On section 11, the author says it is important to understand that the section is a procedure to allow an affected third party to voice his objections to releasing information which might cause harm to his interests. The PIO is expected to follow the procedure of section 11 when he intends to disclose any information or record. It is not an exemption. The exemptions for providing the information are only in section 8 and 9 as mentioned explicitly in section 7 (1). By implication and specifically in section 22, it has been clearly spelt out that this Act shall have effect notwithstanding anything inconsistent with it in any other law.

“The decisions of the commissions are not merely recommendatory but have to be followed as per law and have statutory force” says the author on explaining section 19 (7).” “Insertion of a non-obstante clause in section 22 of the Right to Information Act was a conscious choice of the Parliament to safeguard the citizens’ fundamental right to information from convoluted interpretations of other laws and rules adopted by public authorities to deny information.”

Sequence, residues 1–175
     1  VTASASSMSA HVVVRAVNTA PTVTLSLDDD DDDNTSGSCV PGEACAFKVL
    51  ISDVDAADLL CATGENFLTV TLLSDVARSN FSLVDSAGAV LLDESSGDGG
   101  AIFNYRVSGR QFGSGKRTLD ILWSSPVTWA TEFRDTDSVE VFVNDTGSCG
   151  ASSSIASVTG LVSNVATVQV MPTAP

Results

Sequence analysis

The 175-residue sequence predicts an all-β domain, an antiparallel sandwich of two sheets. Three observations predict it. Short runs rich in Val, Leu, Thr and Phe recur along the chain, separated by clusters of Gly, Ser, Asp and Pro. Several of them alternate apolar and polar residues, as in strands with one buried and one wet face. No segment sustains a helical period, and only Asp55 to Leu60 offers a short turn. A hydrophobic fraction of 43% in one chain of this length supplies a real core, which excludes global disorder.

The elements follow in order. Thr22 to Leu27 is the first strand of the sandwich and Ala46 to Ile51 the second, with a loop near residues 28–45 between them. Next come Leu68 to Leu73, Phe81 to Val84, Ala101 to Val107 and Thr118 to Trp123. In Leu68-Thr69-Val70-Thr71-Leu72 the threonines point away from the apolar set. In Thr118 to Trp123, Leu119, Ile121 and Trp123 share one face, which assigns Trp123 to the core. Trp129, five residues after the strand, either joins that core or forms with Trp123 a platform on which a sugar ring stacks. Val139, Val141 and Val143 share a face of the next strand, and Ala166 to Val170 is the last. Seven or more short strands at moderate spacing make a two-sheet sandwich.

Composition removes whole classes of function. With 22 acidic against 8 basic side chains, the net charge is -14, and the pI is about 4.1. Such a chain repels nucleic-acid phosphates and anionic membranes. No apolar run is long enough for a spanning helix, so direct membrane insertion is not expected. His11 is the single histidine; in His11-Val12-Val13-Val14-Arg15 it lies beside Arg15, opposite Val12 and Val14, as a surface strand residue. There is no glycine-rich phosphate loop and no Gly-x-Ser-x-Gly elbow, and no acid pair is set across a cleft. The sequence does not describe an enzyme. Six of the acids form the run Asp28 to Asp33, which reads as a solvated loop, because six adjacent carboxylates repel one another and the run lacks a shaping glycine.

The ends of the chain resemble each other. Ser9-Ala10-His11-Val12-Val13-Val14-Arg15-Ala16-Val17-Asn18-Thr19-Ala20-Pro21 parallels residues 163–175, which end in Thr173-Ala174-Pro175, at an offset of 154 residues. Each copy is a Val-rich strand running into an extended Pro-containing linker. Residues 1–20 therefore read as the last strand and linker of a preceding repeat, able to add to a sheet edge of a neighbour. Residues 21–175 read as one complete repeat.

In the concluding pages commenting on section 23, Gandhi again points, “This clearly bars any court from hearing an appeal against any right to information order issued by a commission. The final appellate authority in RTI is the Commission. Since Parliament has not provided for appeals in right to information beyond the commissions, when a court takes a challenge to an order of the Commission it should justify how the matter falls under its writ jurisdiction. He further explains, “There are five kinds of writs and the only writ which can be invoked against the orders of the information commission is a Writ of Certiorari. Unfortunately many writs are entertained by courts from public authorities which are clearly appeals.”
“The aim of parliament to get citizens to use RTI to curb corruption is evident from the fact that even security and intelligence agencies have to provide information in case of allegation of corruption” he says on section 24(1).

The end of the e-book includes an RTI competition with a maximum prize of Rs 25,000 aimed at creating a database of people’s analysis on the large number of decisions on the RTI Act, as well as generating awareness and a deeper understanding of the Act.